'This city now doth like a gament wear
The beauty of the morning;'
'Dear God! The very houses seem asleep,
And all that mighty heart is lying still.'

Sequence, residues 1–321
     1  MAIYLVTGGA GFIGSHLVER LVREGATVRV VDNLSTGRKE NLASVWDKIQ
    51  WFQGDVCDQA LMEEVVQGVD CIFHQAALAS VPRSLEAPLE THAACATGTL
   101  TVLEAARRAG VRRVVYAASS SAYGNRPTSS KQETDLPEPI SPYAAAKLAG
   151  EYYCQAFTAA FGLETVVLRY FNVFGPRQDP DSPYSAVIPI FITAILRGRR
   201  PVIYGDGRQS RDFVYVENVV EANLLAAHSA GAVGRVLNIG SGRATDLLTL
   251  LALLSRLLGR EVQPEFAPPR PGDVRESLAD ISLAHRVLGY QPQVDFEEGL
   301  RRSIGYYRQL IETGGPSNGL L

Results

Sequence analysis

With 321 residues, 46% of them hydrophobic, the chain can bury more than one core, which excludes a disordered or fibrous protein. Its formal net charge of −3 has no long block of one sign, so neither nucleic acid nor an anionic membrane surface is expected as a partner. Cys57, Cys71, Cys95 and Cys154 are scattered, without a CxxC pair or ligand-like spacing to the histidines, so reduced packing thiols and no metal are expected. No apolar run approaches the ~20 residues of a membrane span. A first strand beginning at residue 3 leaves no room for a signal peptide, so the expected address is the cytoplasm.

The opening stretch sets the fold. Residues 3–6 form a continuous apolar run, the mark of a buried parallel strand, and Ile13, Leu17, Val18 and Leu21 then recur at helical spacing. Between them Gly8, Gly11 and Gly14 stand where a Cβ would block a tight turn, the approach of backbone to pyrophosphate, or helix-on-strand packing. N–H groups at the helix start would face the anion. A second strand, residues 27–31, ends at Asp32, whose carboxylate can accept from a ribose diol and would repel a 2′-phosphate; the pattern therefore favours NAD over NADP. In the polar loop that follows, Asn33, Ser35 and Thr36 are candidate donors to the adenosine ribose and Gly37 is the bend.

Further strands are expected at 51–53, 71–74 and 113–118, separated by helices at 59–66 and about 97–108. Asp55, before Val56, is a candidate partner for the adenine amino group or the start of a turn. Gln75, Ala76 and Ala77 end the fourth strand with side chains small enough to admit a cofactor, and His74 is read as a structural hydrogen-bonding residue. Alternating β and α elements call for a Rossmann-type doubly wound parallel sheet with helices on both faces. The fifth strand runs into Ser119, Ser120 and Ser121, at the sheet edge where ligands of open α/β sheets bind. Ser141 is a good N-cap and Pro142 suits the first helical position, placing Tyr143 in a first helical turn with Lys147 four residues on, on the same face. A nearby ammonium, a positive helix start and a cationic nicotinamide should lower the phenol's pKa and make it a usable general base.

In both these cases apparently inanimate objects are given human qualities or abilities. I'm not sure I would describe them as personification though, because the first makes clear that it is an image, specifically a simile, 'like a garment', while the second uses 'seem', the word itself declaring an image. However, they both have the same effect as personification in that they give life and character to an inanimate scene. It is perfectly appropriate here because although there are no people in the scene we know that a city is a living, breathing place, not just because there are sleeping people in the houses but because a city can feel as if it has a character and personality of its own.